Sign up for EduLifeDesks
Lilford's Wall Lizard is endemic to the Balearic Islands off the coast of Spain, where it is found only on small islands with no human inhabitants. There are 27 subspecies of this lizard (see "Distribution" for a full listing). Podarcis lilfordi is a diurnal medium sized lacertid lizard with active foraging behavior. It is omnivorous and is known to be both a pollinator and seed disperser, as well as an insectivore.
Seed dispersal: As a fruit eater, Podarcis lilfordi consumes and disperses the seeds of of many plants on the islands it inhabits via defecation. Podarcis lilfordi is thought to be a seed disperser of 16 plant species, and is the only known seed disperser of Daphne rodriguezii on Colom Islet. The lizard prefers bigger fruits of this species and its movement of the seeds to the shade of non-Daphne shrubs is very important for the plant's propagation. It is also thought to be an important seed disperser of the rare Withania frutescens and the olive relative Phillyrea media. Lilford's Wall Lizard has a particularly interesting association with Dracunculus muscivorus, an aroid found on Aire Islet in the Balearics that emits a fetid smell to attract carrion flies for pollination: the lizard will perch on these plants to eat the carrion flies that visit the flower. This is the only lacertid lizard that is known to take advantage of a plant-pollinator interaction in this way. When this plant fruits, the fruits constitute a large portion (53%) of Podarcis lilfordi's diet. The lizard's feces contain intact seeds, suggesting that the lizard may be a legitimate seed disperser for this aroid.
Pollination: Podarcis lilfordi is a known legitimate pollinator for a few plant species, including the spurge shrub Euphorbia dendroides. The lizard moves large quantities of pollen within and among plants, effectively cross-pollinating flowers in the process. Spurges are normally pollinated by insects, but this species flowers when insects are not abundant in the Balearic Islands, and its flowers are visited three times more frequently by this lizard than by insects. However, there is no evidence that flower traits are under pollinator-mediated selection in this system. Lilford's Wall Lizard also drinks the nectar of Chrithmum martitimum in the late summer and incidentally transfers pollen between Dracunculus flowers.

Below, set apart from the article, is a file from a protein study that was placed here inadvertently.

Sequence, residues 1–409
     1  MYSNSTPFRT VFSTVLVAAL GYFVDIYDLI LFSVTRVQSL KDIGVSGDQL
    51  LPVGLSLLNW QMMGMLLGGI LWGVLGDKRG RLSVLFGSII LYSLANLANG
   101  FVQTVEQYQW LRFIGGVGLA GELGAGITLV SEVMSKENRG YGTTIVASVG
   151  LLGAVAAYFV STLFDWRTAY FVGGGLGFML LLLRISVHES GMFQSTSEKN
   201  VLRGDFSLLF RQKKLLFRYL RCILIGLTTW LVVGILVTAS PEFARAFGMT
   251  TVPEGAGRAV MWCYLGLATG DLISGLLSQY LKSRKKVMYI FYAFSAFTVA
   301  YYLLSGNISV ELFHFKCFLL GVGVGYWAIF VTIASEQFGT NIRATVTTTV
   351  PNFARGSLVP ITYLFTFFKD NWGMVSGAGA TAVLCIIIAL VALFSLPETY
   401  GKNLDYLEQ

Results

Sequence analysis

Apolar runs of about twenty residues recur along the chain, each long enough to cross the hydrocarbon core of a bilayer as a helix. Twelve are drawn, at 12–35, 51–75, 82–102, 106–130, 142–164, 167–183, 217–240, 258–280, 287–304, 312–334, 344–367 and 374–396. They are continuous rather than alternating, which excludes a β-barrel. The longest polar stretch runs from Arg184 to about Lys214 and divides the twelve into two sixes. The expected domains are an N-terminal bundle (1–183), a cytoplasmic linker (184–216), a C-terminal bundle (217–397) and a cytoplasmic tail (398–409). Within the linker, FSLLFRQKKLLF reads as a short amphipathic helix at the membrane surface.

Parasites: Podarcis lilfordi is associated with at least eleven helminths, including two digenea (Paradistomum mutabile and Barachylaima), eight nematodes (Skjabinodon, Spauligodon, Parapharynogodon, Skrajabinelazia, Abbreviata, Acuaria, and Spirurida), and one acanthocephalan (Centrorhynchus).
Podarcis lilfordi is not a territorial lizard and is an active forager. It basks in sunlight to increase its body temperature. Kleptoparasitism (stealing of food) is known to occur between individuals in this species. This is observed most frequently at high lizard densities.
Escape Behavior: When an approaching predator is detected, these lizards adopt an alert stance by extending their legs just prior to fleeing. Typically, they do not attempt to flee until a potential predator is within 3 m. Lilford's Wall Lizard has the ability to drop its tail (a process called autotomy) to evade predation, and the tail may later be regenerated. Studies have shown that lizards with regenerated tails wait until a potential predator is significantly closer before fleeing than lizards that have not previously lost their tails. The escape behavior of Lilford's Wall Lizard is dependent on whether or not it is eating. It waits longer, flees further, and returns faster when feeding, and these responses are further dependent on the size of the food source.